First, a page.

David Rudlin considers himself a rare breed of town planner who is old enough to have been taught the profession when it was done on a drawing board rather than the labyrinthine bureaucracy that it has become today. He spent five years as a local planner in Manchester working mainly on the redevelopment of the huge Hulme council estate where he also lived and where he also worked with a housing cooperative in his spare time to create a large development of 75 flats and workspace called Homes for Change. David joined his present company URBED thirty years ago. URBED is a cooperative and their work involves preparing strategies for existing urban area and designing new ones working for both local authorities and private companies. He has also written three books about planning and cities and most recently have been the chair of the Academy of Urbanism, a national organisation that promotes good places.
1. Which place, or city or country do you most feel at home in?
This would have to be Manchester. I arrived as a student in 1979 and immediately felt at home, despite it being in a state of collapse. I have enjoyed every moment since and am proud of the way it has come back from the brink, and most of all of its brash endearing arrogance!
2. What are your proudest achievements?
This would have to be winning the Wolfson Economics Prize in 2014. The essay that I wrote for this looking at how Garden cities might help solve the housing crisis won out of 271 entrants and achieved a huge amount of national coverage at the time.
3. What inspires you?
I am inspired by cities and the way that they intensify the human experience. I love great cities like New York, Paris, Shanghai or Mumbai. Much of my work has been focussed on way that we plan cities the fact that we are no longer very good at this!
4. What has been biggest obstacle in your career?
I come from a working-class background and was one of the generation who benefitted from going to grammar school and being the first person in my family to go to university. The only real obstacle however has been lack of ambition! I was lucky enough 30 years ago to get a job doing what I love and have never felt any great need to move on.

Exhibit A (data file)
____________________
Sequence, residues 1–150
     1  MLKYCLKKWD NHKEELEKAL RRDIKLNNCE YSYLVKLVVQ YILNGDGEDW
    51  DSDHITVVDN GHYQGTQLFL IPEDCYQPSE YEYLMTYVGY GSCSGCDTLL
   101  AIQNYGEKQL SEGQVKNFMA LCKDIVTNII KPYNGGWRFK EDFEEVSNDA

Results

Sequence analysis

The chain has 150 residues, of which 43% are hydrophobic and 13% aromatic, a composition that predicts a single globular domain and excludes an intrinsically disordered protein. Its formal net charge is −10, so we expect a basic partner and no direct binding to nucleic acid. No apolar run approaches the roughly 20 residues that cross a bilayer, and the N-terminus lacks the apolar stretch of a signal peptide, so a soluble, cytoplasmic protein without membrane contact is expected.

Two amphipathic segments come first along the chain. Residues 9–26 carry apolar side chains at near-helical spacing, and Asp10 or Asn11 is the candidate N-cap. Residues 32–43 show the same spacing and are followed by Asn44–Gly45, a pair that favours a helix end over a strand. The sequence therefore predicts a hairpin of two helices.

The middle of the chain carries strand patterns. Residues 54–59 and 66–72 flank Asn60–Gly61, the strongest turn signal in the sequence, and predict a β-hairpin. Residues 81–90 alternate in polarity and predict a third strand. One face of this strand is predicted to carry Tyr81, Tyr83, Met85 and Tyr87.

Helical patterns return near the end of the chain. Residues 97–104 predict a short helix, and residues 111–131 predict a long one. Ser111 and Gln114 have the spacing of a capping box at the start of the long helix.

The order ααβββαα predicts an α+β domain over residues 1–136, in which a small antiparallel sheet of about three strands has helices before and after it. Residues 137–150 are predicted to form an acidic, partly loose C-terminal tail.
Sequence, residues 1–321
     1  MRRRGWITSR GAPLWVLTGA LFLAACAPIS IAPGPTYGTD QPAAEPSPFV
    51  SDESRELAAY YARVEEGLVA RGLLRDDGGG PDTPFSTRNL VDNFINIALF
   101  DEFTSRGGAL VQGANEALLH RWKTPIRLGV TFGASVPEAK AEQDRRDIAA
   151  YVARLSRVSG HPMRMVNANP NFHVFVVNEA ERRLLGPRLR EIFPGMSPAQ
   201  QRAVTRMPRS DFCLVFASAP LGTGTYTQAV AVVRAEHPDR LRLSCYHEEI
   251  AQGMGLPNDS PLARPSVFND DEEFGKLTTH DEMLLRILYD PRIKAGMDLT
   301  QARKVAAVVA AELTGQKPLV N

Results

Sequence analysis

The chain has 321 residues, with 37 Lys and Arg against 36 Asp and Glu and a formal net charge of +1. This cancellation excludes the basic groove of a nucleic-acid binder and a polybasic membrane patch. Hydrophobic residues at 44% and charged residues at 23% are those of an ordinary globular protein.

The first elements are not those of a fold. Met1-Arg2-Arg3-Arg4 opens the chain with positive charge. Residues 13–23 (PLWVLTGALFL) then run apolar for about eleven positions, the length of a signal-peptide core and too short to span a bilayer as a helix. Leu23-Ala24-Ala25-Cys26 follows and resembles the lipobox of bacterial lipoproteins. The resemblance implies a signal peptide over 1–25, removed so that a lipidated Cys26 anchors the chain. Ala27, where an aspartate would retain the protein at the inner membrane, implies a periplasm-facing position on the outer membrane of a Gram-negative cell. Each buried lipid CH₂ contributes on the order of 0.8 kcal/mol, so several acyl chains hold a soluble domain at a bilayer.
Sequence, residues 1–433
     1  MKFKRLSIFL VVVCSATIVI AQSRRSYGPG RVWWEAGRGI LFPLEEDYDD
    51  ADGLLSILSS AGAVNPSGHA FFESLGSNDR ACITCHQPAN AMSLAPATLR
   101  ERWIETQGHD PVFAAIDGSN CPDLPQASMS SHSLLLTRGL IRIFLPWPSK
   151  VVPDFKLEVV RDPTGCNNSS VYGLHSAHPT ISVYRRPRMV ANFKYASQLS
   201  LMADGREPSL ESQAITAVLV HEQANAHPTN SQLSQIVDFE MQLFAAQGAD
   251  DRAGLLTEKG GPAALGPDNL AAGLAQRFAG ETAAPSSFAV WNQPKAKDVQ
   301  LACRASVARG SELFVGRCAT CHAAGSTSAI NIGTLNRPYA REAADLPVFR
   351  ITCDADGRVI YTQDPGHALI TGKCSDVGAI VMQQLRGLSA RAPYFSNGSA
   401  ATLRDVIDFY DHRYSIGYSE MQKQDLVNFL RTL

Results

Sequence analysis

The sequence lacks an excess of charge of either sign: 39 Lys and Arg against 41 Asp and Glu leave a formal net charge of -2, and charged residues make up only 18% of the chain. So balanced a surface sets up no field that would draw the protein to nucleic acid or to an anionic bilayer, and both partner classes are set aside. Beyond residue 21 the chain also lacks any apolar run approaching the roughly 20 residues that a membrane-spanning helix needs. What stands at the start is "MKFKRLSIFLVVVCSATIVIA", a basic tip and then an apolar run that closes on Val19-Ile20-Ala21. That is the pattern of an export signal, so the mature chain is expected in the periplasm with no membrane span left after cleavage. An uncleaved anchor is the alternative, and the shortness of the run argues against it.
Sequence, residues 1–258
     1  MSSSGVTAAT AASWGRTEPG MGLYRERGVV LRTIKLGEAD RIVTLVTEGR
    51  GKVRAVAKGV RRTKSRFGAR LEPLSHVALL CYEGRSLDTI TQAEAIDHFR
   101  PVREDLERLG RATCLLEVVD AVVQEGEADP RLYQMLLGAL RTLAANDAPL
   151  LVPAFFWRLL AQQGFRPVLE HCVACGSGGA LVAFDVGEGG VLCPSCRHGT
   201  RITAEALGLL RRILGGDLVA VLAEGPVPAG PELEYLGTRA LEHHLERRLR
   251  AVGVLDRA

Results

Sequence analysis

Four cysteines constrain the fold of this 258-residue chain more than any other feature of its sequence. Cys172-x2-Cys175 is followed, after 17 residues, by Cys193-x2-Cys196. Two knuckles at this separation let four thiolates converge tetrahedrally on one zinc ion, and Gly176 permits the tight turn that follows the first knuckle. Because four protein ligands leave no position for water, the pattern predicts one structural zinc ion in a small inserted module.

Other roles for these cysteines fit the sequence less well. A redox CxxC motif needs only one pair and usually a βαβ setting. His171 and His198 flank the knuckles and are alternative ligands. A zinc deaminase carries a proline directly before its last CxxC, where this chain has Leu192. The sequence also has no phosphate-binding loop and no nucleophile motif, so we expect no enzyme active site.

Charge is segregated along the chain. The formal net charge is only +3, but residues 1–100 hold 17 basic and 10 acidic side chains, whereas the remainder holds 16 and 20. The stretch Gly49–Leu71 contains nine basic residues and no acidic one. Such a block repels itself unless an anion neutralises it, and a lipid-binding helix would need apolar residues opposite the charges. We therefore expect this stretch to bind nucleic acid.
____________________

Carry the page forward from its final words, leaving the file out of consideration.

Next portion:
5. Who has been the biggest influence on your career to date?
I could name lots of friends and colleagues but actually I’m going to go with the writer and urbanist Jane Jacobs. Reading her book, The Death and Life of Great American Cities which was written in the 1960s completely changed by view of planning and the direction of my career.
6. What is the best aspect about your current role?
Working in a small office where I don’t need to worry too much about management but can concentrate on writing and drawing and thinking about cities.
7. And the worst?
It’s still a struggle after all of these years, generating the money required to keep the office going spending hours dealing with emails when I could be doing something more interesting!
8. What are your long-term goals?
To keep on doing what I’m doing for as long as I can.
9. If you were Prime Minister, what one aspect would you change?
I would reform our planning system which, like many others, I believe is broken. Apart from the sheer inefficiency of the way the system works, the biggest problem is that it just doesn’t produce good places.
10. If you were marooned on a desert island, which historical figure would you like to spend your time with and why?
I have just completed Robert Harris’s three volume biography of Cicero the Roman senator and orator who I really warmed to, I think he would be good company!